I had the privilege of being with the people of God gathered as St. Andrew’s Lutheran Church in Lincoln, Nebraska on Sunday July 3, 2022. Thank you to Pastor Kimberlee Osborn for the invitation, and to the whole congregation for the warm welcome. I was invited to preach and lead worship. As part of the sermon, I shared thoughts too about the Nebraska Synod’s Vitality Initiative for Congregations of which St. Andrew’s is currently participating. What follows is the majority of the manuscript that I preached from, based largely on Luke 10:1-11, 16-20 and Galatians 6:1-16, the appointed readings for Lectionary 14 (Year C)/the Fourth Sunday after Pentecost (Year C).
Grace and peace from God in Christ who is with you, for you, and who loves you. Amen.
Digging into our Gospel Story
Today’s story picks up right where last week’s left off. As soon as Jesus has told us that “No one who puts a hand to the plow and looks back is fit for the kingdom of God,” we hear that the Lord appointed seventy others and sent them on ahead in pairs to every town and place where Jesus intended to go. Jesus’ work is off to the races, so to speak. He knows that the days are coming and roads are leading to Jerusalem, but before he gets there, there is work to do. Lots of it, in fact. So, instead of it just being his work, he invites and calls others to join him. To prepare the way. To heal the sick. To bring good news of hope, redemption, and reconciliation. In doing so, he sends seventy disciples out ahead, to proclaim peace, and that the kingdom of God has come near.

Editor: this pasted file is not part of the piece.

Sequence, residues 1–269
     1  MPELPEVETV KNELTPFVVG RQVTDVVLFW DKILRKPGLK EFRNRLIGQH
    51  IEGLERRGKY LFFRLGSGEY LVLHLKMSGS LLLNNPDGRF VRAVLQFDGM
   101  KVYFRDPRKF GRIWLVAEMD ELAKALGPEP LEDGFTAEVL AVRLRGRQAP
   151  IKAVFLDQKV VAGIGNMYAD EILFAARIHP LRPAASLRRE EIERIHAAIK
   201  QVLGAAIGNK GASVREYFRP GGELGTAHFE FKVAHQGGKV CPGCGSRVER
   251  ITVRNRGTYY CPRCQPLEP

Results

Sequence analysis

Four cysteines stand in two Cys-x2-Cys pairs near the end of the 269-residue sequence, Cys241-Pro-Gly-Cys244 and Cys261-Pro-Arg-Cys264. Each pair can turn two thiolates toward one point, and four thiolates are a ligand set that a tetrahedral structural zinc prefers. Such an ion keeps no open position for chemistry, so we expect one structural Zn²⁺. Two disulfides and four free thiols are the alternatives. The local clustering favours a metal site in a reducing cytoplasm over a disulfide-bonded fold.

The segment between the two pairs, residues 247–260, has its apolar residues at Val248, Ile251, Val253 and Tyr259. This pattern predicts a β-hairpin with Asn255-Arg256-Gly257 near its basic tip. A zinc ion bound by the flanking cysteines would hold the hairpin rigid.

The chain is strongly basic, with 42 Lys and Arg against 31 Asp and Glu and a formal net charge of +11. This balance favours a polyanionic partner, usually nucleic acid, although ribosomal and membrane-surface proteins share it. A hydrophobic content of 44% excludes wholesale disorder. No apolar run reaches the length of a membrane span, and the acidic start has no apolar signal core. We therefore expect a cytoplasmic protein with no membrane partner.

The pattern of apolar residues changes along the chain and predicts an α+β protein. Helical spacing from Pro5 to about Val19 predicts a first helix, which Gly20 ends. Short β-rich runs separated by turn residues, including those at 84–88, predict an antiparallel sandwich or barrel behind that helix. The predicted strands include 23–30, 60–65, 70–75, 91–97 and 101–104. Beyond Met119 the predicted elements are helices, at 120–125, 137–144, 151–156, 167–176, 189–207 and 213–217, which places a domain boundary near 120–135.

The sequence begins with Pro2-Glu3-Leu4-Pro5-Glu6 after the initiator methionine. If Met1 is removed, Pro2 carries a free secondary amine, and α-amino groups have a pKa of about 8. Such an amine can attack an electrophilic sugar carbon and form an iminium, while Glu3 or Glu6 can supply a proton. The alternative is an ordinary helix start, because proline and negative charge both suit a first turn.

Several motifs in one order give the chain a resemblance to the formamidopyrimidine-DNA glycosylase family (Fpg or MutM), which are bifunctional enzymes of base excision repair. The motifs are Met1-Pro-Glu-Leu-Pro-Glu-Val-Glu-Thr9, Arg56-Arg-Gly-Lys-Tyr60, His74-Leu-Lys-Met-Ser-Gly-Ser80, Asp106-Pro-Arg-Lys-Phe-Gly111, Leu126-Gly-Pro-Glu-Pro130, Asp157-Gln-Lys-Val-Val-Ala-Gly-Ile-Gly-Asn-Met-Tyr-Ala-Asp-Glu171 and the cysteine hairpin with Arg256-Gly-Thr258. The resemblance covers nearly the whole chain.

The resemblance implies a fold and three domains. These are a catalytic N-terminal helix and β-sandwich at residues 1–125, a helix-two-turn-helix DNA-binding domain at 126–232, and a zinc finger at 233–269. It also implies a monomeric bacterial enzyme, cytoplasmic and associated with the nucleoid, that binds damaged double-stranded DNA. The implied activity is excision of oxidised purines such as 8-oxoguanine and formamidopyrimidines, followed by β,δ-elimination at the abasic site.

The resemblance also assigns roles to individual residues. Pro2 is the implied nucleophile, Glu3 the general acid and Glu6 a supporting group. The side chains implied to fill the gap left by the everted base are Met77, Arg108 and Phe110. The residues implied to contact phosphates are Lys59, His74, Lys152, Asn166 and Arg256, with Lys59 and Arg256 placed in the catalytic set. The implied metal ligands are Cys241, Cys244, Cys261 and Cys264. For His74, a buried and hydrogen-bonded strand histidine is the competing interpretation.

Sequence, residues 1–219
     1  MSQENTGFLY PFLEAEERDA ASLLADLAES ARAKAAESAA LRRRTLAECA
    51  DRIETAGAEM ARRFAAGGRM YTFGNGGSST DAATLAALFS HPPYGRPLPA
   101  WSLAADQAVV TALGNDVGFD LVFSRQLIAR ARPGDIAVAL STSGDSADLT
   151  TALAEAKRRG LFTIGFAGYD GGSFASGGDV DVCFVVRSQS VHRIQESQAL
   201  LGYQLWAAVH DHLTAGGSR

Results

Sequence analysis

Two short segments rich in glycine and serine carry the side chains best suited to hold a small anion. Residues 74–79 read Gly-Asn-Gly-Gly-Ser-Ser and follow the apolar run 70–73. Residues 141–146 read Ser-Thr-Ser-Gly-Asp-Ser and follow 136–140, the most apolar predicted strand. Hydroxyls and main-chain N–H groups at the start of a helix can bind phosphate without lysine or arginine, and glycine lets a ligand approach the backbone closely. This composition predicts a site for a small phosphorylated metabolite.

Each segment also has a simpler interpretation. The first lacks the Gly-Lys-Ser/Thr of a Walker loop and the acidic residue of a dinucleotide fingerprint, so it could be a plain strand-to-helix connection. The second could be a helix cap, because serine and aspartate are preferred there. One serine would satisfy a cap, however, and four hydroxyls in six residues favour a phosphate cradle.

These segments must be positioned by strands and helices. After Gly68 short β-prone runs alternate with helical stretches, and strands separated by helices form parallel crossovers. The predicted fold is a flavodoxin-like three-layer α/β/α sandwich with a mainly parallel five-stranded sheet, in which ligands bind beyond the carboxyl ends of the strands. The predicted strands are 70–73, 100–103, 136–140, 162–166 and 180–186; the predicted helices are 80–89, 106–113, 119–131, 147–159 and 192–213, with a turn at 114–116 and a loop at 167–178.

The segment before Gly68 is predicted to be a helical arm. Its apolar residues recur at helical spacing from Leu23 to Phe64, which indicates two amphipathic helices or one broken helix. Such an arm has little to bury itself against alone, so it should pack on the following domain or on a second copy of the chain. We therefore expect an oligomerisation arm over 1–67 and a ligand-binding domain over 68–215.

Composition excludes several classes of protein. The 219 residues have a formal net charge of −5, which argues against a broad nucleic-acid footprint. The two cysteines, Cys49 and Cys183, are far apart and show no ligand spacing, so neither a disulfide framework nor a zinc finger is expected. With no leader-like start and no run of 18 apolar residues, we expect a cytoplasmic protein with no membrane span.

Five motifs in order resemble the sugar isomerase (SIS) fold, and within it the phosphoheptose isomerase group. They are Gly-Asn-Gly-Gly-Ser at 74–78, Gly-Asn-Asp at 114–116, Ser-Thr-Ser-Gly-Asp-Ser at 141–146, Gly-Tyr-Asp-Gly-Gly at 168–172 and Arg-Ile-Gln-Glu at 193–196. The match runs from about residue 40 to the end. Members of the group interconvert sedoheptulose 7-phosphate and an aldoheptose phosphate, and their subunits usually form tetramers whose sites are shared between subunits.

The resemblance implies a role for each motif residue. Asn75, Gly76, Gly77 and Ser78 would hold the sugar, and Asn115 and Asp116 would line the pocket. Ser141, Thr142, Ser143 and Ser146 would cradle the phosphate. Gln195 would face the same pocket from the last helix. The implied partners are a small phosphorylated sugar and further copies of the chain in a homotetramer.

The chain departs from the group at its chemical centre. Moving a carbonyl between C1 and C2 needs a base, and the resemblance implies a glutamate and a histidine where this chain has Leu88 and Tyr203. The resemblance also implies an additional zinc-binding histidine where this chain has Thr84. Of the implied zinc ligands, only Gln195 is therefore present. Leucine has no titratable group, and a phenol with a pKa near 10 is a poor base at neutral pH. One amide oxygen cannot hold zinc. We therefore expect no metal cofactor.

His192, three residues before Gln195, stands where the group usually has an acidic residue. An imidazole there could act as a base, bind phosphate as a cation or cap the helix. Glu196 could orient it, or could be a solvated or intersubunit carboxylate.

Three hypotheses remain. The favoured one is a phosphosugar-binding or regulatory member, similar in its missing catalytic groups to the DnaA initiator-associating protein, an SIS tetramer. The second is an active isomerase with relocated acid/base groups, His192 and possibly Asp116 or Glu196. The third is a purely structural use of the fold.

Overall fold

These disciples are sent together, not alone. For this isn’t any one person’s work, but the work of God for the people of God, and something we do together as part of God’s Mission on the move in the world. We are all one in this mission together. We are all sent out as disciples and stewards- followers of the way who are called to gather together as we do this morning, and who are also sent, to proclaim the good news of the kingdom of God and that it has come near, and to share about the promises of God for all and all that God has done for you and for me.
It’s a great piece of wisdom to be sent as part of something bigger than oneself, and not to be sent alone, but in pairs. Think about when you might want to have someone with you. Perhaps at a doctor’s visit when you might be hearing about a possible diagnosis; or when your congregation goes out to meet its neighbors and nearby groups like the school next door. When you have another person with you, you hear more of the things that are spoken or unspoken. You sense what might be being said, or going unsaid but implied. You are more able to be present and together sense what God might be up to or inviting.